Iowa is not known as a motorcycling destination but a through state. Motorcyclists travel primarily on the four-lane roads thinking that’s all there is to see, and that includes many of those who live in Iowa. Even our maps don’t make it look inviting, as the squiggly lines aren’t all that squiggly. So here are some roads that I enjoy traveling that will be a treat for any motorcyclists looking for lightly traveled, interesting roads, and a highly adaptable route.
I start at the intersection of State Route 13 and U.S. Route 151 in Marion only because I live near there. The route begins on what I call “transit” roads, or primarily straight roads. At County Road E34, head east toward the small town of Whittier (a few houses, a Friends meeting house and a small store), then turn north. I should note that terms like “village” and “hamlet” are not common in Iowa, so even a few houses grouped together are called a town. At Waubeek you’ll cross the Wapsipinicon River, where an old mill has been turned into a rustic bar. You’re now on Boy Scout Road, a former gravel road paved in the chip-and-dip manner. It’s narrow, the pavement is uneven but not rough, and it has some tight corners. It’s a short stretch to savor before returning to more traditional Iowa-style main roads.
When Boy Scout Road ends, turn east onto County Road E16 and enjoy some smooth pavement with nice open curves. At a four-way stop, seemingly in the middle of nowhere, turn north on County Road X20. This is a nice paved road off the beaten path where you can enjoy the scenery with a few curves thrown in to keep you from getting white line fever (remember that!). Next take the road toward Hopkinton where you can, and most likely will, encounter horses and buggies, since there is an Amish population that runs several inviting country stores along the route. The road to Hopkinton, County Road D47 / 310th, starts out straight but then gets nice and curvy, with a tight S curve that can catch out the unaware. At Hopkinton, there’s a college that used to be active — it was in business about a hundred years ago and today you can do a ghost hunt/sleepover if that’s your thing. Heading north, you’ll find it is mostly smooth and mostly straight with a few open curves. The road is, however, somewhat rough between Hopkinton and Delhi. Delhi makes for a nice stop, with fuel available and a couple of good restaurants located on the small-town main street. You’ll run into State Highway 3 at a T intersection, where you’ll head left, then in a few short miles turn right onto Co. Rd. C7X. Turn right before the first big grain storage facility — bright metal bins — you can’t miss them.
The road is smooth and has plenty of curves with gentle elevation changes. As you look around you’ll see what I call “vista views” across the hills that make up this corner of Iowa. You’ll pick up CR X3C at what’s left of Elkport. A flood devastated the community some years ago: they made the best of the situation and created a greenspace camping facility. The curves keep coming along with the views and smooth pavement until you intersect with State Highway 13 — yes, the same highway I started on. Head south toward an Iowa Welcome Center that has information, a small “Iowa Made” shop and displays of Iowa wildlife, making for a relaxing stop. There are plenty of opportunities to get food or gas along the way, but this stop makes for a quiet interlude. Leave the welcome center heading south looking for a right turn, County Road C24 / State Highway 112, heading west to Volga — any guesses as to what group settled here?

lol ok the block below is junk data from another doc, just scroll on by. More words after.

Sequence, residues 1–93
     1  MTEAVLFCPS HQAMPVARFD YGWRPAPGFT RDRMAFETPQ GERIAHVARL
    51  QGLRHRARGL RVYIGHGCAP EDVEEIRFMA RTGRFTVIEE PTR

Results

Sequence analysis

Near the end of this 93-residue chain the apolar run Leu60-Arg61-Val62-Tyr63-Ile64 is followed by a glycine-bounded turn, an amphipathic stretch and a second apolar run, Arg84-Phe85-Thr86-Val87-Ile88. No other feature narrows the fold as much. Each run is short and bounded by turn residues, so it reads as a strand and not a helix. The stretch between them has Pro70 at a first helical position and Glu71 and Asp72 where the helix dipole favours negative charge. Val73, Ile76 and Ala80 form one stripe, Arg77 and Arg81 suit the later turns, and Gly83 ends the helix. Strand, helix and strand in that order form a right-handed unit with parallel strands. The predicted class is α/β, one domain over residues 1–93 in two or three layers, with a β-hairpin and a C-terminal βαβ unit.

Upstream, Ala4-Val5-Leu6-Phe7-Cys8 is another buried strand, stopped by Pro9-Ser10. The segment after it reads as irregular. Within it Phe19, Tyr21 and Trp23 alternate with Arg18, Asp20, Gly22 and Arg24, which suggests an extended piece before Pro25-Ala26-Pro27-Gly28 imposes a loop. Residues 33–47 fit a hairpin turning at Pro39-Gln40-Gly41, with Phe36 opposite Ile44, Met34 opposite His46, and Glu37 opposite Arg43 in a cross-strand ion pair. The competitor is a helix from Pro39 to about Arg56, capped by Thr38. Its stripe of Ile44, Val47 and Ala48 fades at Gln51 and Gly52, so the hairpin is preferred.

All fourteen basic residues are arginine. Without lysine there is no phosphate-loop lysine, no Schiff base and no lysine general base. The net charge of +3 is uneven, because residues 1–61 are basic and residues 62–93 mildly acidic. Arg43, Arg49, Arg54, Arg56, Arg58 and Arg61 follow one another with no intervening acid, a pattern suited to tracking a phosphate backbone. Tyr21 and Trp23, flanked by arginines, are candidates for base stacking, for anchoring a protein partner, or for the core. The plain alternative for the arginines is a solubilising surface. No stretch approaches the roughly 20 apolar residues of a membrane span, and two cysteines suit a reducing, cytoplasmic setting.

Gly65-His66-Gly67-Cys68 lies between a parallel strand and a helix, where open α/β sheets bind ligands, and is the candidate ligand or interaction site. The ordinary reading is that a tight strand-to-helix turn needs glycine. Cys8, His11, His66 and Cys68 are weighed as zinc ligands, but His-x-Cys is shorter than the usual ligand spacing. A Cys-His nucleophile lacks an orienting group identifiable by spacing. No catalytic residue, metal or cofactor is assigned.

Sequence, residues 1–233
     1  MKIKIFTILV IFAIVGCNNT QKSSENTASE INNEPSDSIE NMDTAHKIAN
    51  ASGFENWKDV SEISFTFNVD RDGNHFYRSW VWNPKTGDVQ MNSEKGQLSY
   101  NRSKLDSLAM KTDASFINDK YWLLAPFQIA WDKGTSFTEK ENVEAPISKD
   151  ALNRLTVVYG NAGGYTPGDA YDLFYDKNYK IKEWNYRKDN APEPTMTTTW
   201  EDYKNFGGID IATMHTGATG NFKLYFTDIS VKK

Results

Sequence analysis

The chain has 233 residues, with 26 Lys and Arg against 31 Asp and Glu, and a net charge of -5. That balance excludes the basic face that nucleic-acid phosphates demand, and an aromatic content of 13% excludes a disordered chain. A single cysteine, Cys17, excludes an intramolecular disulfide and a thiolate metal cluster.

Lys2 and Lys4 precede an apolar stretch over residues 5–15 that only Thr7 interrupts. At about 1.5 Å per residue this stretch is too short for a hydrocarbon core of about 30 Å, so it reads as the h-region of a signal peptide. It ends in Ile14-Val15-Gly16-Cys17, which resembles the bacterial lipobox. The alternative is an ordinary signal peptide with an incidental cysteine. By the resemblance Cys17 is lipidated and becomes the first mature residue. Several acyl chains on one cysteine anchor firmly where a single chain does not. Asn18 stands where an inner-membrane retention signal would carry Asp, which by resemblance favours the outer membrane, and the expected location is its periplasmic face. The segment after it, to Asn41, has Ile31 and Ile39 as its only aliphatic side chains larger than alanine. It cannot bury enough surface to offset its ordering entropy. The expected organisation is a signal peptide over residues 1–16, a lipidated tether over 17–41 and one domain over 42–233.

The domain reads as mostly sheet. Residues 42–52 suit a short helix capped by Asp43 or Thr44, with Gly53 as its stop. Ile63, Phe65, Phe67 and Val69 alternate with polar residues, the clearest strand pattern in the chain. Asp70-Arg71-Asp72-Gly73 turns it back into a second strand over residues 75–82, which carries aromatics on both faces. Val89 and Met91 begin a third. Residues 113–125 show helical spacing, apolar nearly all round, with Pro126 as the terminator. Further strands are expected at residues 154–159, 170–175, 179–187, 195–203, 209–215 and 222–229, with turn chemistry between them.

This road twists and turns, rises and falls, with a few blind turns thrown in as well. At Volga there’s a park that offers camping as well as access to the Volga River for kayaking. This area has become a destination for both leisurely kayakers and whitewater kayaking. Volga, like most of the other towns on the route, has a convenient city park perfect for a picnic. Follow the signs to Wadena and you’ll be on a trip back through time to what many people think of when they think of rural Iowa. In Wadena you can stop at a locker, a no-frills meat market, and pick up travel food like meat sticks and jerky or steaks to take home if you have a cooler. You’ll also see an old hotel turned into a private residence that still has the name Wadena stenciled on the windows (so that when you got off the train a hundred years ago you knew where you were). Been wondering why so many very small towns exist along this route? One word — railroad. These towns owe their existence to having access to a rail line when rail was the only reliable transportation and communication line in Iowa. In Claremont you’ll see an old depot that a local group is trying to save.
When you reach Claremont, also known as “Brick City,” you can’t miss the turn of the century architecture throughout the town. Claremont was the home of the first governor of Iowa and has a statue and museum to prove it. Wadena and Claremont are still active and offer hospitality in the form of small-town restaurants and bars. These are not tourist towns, though they do cater to hunters in the fall and you won’t feel out of place.
My ride doesn’t end at Claremont, you can reverse it (I like the way the curves string together heading north to south better then south to north), meander back on the other good roads in the area, explore the many graveled roads along the way if you’re so inclined or pick a new destination. I suggest that the best time to ride the route is any time you can — I’ve ridden it four times already this year and plan on riding it at least one more time. So look for the guy on a BMW RT wearing hi-viz gear. That most likely will be me!